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NEW UPDATES Asean Affairs  19 March  2015  

PM Dung calls for stronger ties with Australia in all areas

Prime Minister Nguyen Tan Dung the day before yesterday called for increased momentum in trade and other relationships with Australia.

Speaking in Sydney, where he met the Governor General of Australia, Peter Cosgrove, the PM was on an official visit to the country.

The Vietnamese PM used the occasion to emphasise Viet Nam's consistent policy of intensifying the comprehensive partnership with Australia. He also welcomed Australia's policy of enhancing ties with Indo-Pacific countries, including Viet Nam.

The two leaders hailed the development of friendship and co-operation between the two countries across many fields, particularly since the establishment of a formal bilateral comprehensive partnership in 2009.

Cosgrove said he believed the visit by PM Dung, which came at the invitation of Australian Prime Minister Tony Abbott, would help create new momentum in the two countries' developing partnership.

He added that the strong growth of bilateral ties, especially in economic-commercial fields, and the similarities in viewpoint regarding regional security-political issues demonstrated that the Viet Nam-Australia comprehensive partnership had deepened and grown increasingly stable, sustainable and mutually trusting.

Cosgrove said that as a veteran of the Viet Nam War who had made two...subsequent trips to Viet Nam, he was deeply impressed by the achievements and positive changes in the Southeast Asian country, as well as the hospitality of the Vietnamese people.

PM Dung conveyed an invitation to Cosgrove to visit Viet Nam from President Truong Tan Sang. Cosgrove accepted.

The same day, the Vietnamese PM took part in a meeting with the Governor of New South Wales, David Hurley.

The PM underlined New South Wales' advantage in expanding ties with Vietnamese localities, as there was now a direct air service between Sydney and HCM City.

He suggested state authorities facilitate business co-operation between the two countries and assist Vietnamese firms in seeking investment opportunities and selling commodities in the state, and across the rest of Australia.

Governor Hurley said the visit by PM Dung marked the start of a new period for co-operation between New South Wales and Viet Nam. He promised to facilitate connections between the business communities of the state and Viet Nam.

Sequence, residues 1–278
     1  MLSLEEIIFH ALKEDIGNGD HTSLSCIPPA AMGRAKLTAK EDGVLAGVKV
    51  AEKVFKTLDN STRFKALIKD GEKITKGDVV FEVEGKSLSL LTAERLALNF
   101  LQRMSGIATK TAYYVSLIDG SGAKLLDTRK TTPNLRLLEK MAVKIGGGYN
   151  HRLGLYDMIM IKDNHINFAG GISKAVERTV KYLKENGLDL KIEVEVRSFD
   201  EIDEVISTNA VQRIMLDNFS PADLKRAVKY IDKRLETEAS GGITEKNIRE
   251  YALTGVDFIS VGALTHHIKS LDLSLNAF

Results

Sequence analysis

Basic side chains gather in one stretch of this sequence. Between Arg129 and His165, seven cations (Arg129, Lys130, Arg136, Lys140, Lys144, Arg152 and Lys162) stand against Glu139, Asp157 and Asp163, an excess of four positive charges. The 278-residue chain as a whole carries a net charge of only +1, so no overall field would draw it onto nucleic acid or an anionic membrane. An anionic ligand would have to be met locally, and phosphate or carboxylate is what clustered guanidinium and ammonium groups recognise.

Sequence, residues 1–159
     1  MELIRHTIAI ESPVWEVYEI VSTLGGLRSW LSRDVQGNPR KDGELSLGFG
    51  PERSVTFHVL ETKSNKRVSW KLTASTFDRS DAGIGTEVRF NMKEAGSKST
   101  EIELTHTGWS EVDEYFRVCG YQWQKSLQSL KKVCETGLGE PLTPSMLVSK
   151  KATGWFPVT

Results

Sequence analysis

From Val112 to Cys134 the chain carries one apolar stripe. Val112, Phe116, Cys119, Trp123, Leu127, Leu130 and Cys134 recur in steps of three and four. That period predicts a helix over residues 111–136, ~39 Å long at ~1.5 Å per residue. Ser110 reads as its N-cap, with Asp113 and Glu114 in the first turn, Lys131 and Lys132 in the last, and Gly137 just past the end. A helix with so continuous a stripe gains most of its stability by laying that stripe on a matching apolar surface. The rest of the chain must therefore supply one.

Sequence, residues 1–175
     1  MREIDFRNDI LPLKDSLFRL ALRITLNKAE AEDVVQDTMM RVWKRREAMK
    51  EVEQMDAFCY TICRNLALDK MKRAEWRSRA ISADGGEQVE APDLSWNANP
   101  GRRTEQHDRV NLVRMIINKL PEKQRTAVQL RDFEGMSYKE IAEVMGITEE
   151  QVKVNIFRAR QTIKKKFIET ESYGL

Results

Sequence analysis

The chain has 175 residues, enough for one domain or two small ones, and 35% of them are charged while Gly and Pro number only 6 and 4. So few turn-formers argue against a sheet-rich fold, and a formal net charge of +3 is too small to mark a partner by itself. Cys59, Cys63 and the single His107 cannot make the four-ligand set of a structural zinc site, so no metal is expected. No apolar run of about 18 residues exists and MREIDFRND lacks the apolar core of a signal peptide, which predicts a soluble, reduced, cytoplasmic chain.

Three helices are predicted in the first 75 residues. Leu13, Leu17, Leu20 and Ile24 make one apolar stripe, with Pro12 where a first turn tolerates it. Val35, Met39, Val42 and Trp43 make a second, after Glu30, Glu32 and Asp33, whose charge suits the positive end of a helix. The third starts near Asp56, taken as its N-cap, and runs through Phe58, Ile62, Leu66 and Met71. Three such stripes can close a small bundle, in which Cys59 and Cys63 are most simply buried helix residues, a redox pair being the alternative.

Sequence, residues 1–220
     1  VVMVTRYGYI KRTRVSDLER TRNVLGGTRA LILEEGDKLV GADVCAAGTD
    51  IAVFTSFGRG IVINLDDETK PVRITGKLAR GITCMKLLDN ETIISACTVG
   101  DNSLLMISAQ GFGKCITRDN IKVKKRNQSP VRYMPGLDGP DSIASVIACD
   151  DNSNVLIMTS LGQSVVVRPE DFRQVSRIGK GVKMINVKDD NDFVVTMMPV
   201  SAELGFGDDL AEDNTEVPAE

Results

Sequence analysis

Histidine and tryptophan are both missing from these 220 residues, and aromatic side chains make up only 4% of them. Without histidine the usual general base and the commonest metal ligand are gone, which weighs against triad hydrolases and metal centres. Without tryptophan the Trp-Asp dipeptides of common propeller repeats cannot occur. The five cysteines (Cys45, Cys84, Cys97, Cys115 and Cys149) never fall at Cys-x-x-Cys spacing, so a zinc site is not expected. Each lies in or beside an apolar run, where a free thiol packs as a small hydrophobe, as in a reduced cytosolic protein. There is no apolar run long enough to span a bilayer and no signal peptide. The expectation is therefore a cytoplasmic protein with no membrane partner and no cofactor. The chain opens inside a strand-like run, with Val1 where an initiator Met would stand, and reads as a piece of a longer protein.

Dung also held a dialogue with hundreds of Vietnamese and Australian business representatives in Sydney, promising "all possible support".

He said the Government of Viet Nam would continue running the market economy in a way that ensured fair, open and transparent competition between domestic and foreign businesses.

The PM reiterated Viet Nam's commitment to integrate into the world economy by fully delivering on its World Trade Organisation commitments and other bilateral and multilateral free-trade agreements (FTAs).

With eight FTAs already in effect and others under discussion, a legal business framework in line with international practices was taking effect in Viet Nam, the leader said.

Dung updated business people on Viet Nam's focused efforts in three strategic areas to facilitate investment, including fine-tuning market regulations, ramping up infrastructure and training a high-quality workforce.

He said the country was also working hard to sustain socio-political stability, protect the legitimate rights and interests of investors at home and abroad, refine the laws and uphold citizens' rights to freedom and democracy politically and economically.

This was, he said, seen as a motivation for sustainable economic growth.

From humble beginnings as an underdeveloped country, Viet Nam had grown into a middle-income and vibrant economy with nearly 6 per cent growth in 2014, partly driven by US$300 billion in 18,000 projects from more than 100 countries and territories. More than 100 high-profile conglomerates were also present in Viet Nam.